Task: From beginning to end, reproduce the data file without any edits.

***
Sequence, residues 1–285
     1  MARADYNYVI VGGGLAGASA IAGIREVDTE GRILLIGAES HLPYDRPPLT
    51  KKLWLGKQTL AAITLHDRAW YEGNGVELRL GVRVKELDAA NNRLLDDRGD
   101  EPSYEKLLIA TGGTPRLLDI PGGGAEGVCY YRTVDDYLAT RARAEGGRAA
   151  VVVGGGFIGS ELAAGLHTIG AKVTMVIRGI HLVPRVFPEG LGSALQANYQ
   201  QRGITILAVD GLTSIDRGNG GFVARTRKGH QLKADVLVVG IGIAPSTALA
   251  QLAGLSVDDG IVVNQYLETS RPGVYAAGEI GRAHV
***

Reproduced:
Sequence, residues 1–285
     1  MARADYNYVI VGGGLAGASA IAGIREVDTE GRILLIGAES HLPYDRPPLT
    51  KKLWLGKQTL AAITLHDRAW YEGNGVELRL GVRVKELDAA NNRLLDDRGD
   101  EPSYEKLLIA TGGTPRLLDI PGGGAEGVCY YRTVDDYLAT RARAEGGRAA
   151  VVVGGGFIGS ELAAGLHTIG AKVTMVIRGI HLVPRVFPEG LGSALQANYQ
   201  QRGITILAVD GLTSIDRGNG GFVARTRKGH QLKADVLVVG IGIAPSTALA
   251  QLAGLSVDDG IVVNQYLETS RPGVYAAGEI GRAHV